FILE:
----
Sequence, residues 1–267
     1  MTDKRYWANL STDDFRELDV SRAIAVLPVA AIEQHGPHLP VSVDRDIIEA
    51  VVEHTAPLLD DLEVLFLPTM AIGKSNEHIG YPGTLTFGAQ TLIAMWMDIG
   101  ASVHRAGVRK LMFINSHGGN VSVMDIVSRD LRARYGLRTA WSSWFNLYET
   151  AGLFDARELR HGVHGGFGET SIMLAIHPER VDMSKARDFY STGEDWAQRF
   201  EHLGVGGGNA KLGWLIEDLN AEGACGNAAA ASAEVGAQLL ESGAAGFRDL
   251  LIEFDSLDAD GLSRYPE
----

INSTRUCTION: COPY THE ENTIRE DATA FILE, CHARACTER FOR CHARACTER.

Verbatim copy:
Sequence, residues 1–267
     1  MTDKRYWANL STDDFRELDV SRAIAVLPVA AIEQHGPHLP VSVDRDIIEA
    51  VVEHTAPLLD DLEVLFLPTM AIGKSNEHIG YPGTLTFGAQ TLIAMWMDIG
   101  ASVHRAGVRK LMFINSHGGN VSVMDIVSRD LRARYGLRTA WSSWFNLYET
   151  AGLFDARELR HGVHGGFGET SIMLAIHPER VDMSKARDFY STGEDWAQRF
   201  EHLGVGGGNA KLGWLIEDLN AEGACGNAAA ASAEVGAQLL ESGAAGFRDL
   251  LIEFDSLDAD GLSRYPE